I have met the devil. He has a bushy tail. Let me explain.

On a dry February morning freshman year, my friends and I met by the Cube to travel to Pennsylvania or Indiana or somewhere like Indiana and Pennsylvania. Iowa?

I stood with Karibou (his real name is Adam — no explanation necessary). We were talking about something light — lamps or feathers, can’t remember which — when something distracted us: a squirrel, the size of a microwave, scuttling beneath a bare-branched tree. I held out my hand and performed my self-taught squirrel call:


He advanced. Cautiously, at first, then closer and closer, until his wet, disease-infested nose grazed my middle finger. Then, because I didn’t have food, he scurried away. It hurt like hell.

“Damn,” I thought and said. Where would I get food? Iowa?

I turned. Karibou was eating cookie crumbs out of pink Tupperware. A sign, I decided, if not from God then from the squirrels.

“Hey man,” I said, all coy. “Could I have some of those cookie crumbs?”

Karibou paused, thought and said, “Only if you use them to feed the squirrel!”

Me: “You know I will!”

Karibou: “Hellz yeah.”

And so it was.

I placed the cookie crumbs on the ends of my fingers and approached the squirrel. He was staring at me with what I’d later recognize as I-can’t-tell-the-difference-between-crumbs-and-fingers eyes. At the time, I thought it was the hey-friend-wanna-hear-a-forest-song look. Mistakes were made.


A few steps closer.


He scuttled up to me.


There was animal in his eyes, but also brotherhood. Or was that a fruit fly?

­Tk…Tk – Crunch.

Pain. Shock. Confusion. Incomprehension. Synonyms.

He bit my middle and index fingers, dug his teeth deep into my skin. Sharp, unnatural pain coursed through me — also, betrayal. 


The squirrel said nothing. His mouth was full.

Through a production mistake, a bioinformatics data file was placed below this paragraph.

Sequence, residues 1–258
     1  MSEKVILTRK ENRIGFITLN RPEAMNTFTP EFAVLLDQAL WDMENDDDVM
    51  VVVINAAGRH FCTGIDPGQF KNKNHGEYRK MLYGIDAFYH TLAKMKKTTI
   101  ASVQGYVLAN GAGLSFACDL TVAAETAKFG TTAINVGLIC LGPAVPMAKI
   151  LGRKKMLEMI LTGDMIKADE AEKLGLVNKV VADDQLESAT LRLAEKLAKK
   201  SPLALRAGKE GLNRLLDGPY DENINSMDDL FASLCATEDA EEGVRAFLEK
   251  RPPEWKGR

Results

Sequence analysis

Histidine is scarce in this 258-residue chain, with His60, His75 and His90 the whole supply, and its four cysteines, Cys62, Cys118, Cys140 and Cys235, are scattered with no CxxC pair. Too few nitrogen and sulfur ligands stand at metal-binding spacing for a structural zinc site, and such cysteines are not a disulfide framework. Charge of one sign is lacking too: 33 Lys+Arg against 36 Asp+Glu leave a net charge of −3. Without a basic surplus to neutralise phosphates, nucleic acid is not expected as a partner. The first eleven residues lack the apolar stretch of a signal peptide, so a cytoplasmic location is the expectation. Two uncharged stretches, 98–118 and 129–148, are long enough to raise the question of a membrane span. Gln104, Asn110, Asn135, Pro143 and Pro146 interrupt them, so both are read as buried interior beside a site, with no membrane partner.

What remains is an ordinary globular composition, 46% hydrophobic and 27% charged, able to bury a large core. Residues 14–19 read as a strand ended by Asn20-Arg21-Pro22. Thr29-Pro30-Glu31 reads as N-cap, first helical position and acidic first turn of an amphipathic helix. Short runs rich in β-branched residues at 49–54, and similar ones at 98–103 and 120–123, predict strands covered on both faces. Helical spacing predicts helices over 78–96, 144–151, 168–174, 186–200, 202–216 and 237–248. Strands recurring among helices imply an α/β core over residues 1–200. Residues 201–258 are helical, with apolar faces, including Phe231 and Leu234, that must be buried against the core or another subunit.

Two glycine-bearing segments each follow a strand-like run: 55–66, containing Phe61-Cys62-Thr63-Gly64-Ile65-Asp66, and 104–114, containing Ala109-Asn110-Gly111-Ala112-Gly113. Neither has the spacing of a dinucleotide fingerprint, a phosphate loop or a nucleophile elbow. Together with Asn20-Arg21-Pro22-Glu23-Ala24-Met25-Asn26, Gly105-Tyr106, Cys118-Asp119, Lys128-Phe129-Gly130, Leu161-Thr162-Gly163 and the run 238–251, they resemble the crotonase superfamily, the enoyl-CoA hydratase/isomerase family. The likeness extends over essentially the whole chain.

I tried to pry him loose, but his teeth were latched into my fingers like hooks in fish lips. I tugged and grunted and tugged and moaned, but no give. My hand was too delicious.

I panicked. What to do! Lose my fingers? Don’t be dramatic. Scream louder? On it. Call my parents once a week? Irrelevant.

Then, ol’ Alex thought of something he hadn’t before:

Say, I’m stronger than a squirrel.

With a mighty yank, I pulled my arm. My hand followed. Eyes closed, teeth clenched, I threw my fingers back and up like a jazz dancer (is that a thing?). The squirrel’s bite loosened, and I was free!

But don’t cheer yet, friend. Seriously, sit down, Clare. The worst was still to come.

Over my head, a fat brown shape the size of a stunted toddler sailed twenty feet through the air and landed – thud – by the Cube. I’d chucked him. My God, I chucked a squirrel! Balls. He gathered his wits, gave me a reprehensive look and left. A Bite and Run.

I cradled my blood-soaked fingers and said things like, “How!” and “Why!” and “Hellz no!”

Then, I composed myself, washed my cuts and called University Health Services. “Squirrels don’t have rabies, hun.” Phew. All I needed was a tetanus shot within the past seven years, which I had. (High-fives self in face!) No tetanus here. (Just deep, incurable emotional scars.)

Before I could hang up, find a Star Wars band aide and call my therapist (Mom), the nurse offered some advice.

She: “You’re not supposed to feed the squirrels.”

Me: “Well, now I know, but it was fat so…  ”

She: “You’re especially not supposed to feed the fat squirrels.”

Me: “Well, madam, I assumed that because it was fat, it’d been fed many times. (I cough. My voice gets higher.) I assumed it was tamed. I figured it might be jolly!”

She: “Ah-heh-heh. No … heh.”

That was three years ago. I’m older now, taller. I drink whisky (1/8 whisky, 7/8 coke). I think about more things, but for shorter time and with less depth. I’m an adult. And I’m afraid of a small woodland creature. Because he’s still out there. Waiting.

If you see him, call me. He’ll be the one stubbing out a cigarette, slipping on a pair of sunglasses and popping the collar of his “Hell’s Squirrels” black leather jacket.

His name is Nuts the Ripper, and he is dangerous.

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